Who Handles or Obtains the Settlement Check on Behalf of an Injured Child?

For settlements under $15,000, the legal guardian or parent can take the settlement check without any issues. For settlements exceeding $15,000, the process involves obtaining court approval to ensure the settlement is fair and in the child’s best interest. A guardian ad litem may be appointed by the court to oversee the settlement. The settlement is typically structured to provide periodic payments or placed into a trust account, such as a blocked account or special needs trust. The legal guardian, often the parents or a court-appointed guardian, manages the funds under court supervision, ensuring they are used solely for the child’s benefit and providing regular reports to the court. Upon reaching the age of 18, the child usually gains control of the remaining funds or begins receiving structured payments.

Who Receives Compensation for a Child Injured in a Car Accident if the Parents are Divorced?

In Georgia, when a child is injured in a car accident and the parents are divorced, the compensation is typically managed by the parent who has legal guardianship or custody of the child. This parent is responsible for making decisions regarding the child’s welfare and handling any settlement funds. If both parents share legal custody and cannot agree on how the compensation should be used, the court may intervene to determine the appropriate allocation and management of the funds to ensure they serve the best interest of the child.

Miscellaneous FAQS About Children Involved Car Accident Legal Claims

How Are Injury Accident Claims Different for Children than for Adults?

Children’s car accident claims differ in several significant ways from those involving adults.

First, children are not at fault for the accident since they are not the ones driving. This is crucial because driver negligence can reduce compensation. While compensation might be affected if the child’s parent was driving and found at fault, the child does not have to worry about making poor driving decisions.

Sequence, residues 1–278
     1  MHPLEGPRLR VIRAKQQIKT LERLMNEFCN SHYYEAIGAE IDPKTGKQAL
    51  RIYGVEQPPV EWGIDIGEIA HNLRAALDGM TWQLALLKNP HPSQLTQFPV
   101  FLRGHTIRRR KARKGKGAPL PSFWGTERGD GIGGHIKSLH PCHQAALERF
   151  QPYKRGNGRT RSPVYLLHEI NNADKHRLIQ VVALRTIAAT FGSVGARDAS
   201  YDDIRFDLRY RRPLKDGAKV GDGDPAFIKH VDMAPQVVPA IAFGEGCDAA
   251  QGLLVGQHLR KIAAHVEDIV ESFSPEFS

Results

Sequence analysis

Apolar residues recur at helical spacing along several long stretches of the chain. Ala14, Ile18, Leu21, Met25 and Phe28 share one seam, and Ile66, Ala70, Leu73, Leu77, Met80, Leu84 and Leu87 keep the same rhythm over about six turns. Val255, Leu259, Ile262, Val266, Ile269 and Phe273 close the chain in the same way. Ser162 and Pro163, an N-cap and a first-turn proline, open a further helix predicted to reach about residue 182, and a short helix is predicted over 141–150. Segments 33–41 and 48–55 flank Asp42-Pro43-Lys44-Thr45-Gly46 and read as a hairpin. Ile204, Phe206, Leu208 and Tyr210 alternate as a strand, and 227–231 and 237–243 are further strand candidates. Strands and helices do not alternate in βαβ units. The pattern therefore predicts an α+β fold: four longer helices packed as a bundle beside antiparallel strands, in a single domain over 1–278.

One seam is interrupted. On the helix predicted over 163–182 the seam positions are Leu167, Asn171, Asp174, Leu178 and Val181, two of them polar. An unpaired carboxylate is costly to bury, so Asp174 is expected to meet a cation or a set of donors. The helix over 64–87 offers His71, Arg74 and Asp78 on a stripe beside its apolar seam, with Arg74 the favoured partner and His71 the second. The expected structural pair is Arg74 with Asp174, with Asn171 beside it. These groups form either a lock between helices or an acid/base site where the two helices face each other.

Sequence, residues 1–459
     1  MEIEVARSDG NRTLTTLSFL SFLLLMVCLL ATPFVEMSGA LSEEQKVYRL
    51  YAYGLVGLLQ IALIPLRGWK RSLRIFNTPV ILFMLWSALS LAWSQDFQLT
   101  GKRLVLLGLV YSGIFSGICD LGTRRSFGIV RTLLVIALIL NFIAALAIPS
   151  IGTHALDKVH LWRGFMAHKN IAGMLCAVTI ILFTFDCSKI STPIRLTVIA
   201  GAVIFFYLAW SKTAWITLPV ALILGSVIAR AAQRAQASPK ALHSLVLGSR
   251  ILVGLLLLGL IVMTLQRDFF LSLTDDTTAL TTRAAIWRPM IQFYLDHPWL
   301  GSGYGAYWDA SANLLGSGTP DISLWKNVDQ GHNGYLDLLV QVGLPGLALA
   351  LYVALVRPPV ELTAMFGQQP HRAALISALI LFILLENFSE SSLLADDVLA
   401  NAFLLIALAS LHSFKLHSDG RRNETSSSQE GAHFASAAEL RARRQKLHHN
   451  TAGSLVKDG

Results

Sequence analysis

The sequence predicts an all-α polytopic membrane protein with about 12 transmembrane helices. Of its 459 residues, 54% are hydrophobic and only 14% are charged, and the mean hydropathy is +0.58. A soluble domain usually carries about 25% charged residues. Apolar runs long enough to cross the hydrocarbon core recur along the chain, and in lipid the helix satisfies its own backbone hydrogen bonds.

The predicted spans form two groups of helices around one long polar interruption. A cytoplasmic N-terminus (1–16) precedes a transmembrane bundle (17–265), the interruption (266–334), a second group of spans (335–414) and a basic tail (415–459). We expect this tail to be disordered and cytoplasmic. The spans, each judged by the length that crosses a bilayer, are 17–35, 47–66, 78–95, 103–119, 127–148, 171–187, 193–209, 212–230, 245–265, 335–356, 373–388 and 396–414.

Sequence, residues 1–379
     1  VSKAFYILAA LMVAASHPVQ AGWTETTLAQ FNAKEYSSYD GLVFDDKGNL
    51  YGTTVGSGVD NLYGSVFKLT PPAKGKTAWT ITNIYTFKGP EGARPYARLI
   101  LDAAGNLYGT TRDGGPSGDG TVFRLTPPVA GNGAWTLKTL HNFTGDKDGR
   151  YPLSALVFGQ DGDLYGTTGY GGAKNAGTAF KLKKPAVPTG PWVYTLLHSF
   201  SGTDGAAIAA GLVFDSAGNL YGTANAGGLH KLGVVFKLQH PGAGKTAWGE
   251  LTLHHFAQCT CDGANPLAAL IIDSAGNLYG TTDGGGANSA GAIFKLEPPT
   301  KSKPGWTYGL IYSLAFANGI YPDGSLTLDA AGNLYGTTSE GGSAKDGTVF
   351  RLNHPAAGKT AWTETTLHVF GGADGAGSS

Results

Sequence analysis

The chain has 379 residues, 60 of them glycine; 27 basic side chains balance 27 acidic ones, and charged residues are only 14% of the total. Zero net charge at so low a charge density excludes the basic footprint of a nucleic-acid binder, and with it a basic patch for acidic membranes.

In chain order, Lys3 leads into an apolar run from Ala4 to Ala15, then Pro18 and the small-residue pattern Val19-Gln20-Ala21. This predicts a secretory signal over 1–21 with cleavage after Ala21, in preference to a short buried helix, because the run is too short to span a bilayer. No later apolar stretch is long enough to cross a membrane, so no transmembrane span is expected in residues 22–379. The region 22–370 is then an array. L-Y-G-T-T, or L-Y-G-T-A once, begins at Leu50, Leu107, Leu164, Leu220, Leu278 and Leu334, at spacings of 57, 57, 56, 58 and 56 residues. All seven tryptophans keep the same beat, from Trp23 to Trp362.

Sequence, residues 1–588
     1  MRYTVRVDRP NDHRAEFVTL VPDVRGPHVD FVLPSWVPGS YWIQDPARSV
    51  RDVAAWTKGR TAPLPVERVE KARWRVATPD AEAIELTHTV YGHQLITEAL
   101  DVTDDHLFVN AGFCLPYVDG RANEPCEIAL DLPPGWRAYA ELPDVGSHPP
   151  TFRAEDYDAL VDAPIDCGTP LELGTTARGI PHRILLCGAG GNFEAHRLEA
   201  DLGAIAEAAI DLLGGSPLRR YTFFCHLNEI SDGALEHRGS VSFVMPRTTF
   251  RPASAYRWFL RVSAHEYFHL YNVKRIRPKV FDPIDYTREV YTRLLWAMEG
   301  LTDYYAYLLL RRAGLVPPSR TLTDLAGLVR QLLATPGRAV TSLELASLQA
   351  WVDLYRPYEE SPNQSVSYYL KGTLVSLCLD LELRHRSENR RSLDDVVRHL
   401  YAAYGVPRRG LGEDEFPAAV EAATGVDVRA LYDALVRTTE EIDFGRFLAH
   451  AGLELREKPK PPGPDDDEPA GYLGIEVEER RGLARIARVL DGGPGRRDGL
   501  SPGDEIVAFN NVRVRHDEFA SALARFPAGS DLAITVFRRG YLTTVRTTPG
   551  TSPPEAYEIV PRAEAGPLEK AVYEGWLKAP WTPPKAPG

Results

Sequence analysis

Second, children do not own the vehicle, so concerns about getting the auto insurance company to pay for vehicle damages do not apply.

Third, children typically do not have incomes or jobs, so lost income or used PTO are rarely factors in their cases. However, if they suffer long-term disabilities that affect their future ability to work, this could be considered.

The primary focus for children involved in car accidents is recovering from their injuries. Consequently, medical bills and compensation for pain and suffering are the most common expenses in their claims.

What Types of Injuries Are Common for to Children Experience in Car Accidents?

When children are involved in car accidents, they can suffer from a range of injuries. These include head injuries like concussions or traumatic brain injuries, neck and spinal injuries such as whiplash, and chest injuries like bruised or broken ribs. Abdominal injuries affecting internal organs are also common. Kids might also experience fractures, cuts, bruises, soft tissue injuries, burns, and psychological trauma like anxiety or depression. It’s really important to get medical attention right away because some injuries might not be obvious at first but can have long-term effects.

Does it Change a Legal Claim if the Child Was Not Wearing a Seatbelt?

No, the lack of seatbelts will not affect whether the child gets compensated, even if it resulted in more injuries. However, it is always highly encouraged for parents to ensure their child is buckled up because children are lighter and can be thrown from their seats upon impact if they are not wearing seatbelts.

Who Can File a Legal Claim for a Child Involved in a Car Accident?

In Georgia, the legal guardians or parents of a child involved in a car accident can file a legal claim on behalf of the child. Grandparents or aunts and uncles cannot file such claims. In rare situations where a fatal accident results in the death of the parents, a grandparent would need to become the legal guardian before filing a legal claim.

Can a Child Be a Witness in a Car Accident Legal Claim?

Yes, a child who is a passenger can be a witness in a car accident claim in Georgia. However, the weight and credibility of their testimony may depend on their age, maturity, and ability to accurately recall and communicate the events of the accident. Lawyers will consider these factors when determining the relevance and reliability of the child’s testimony.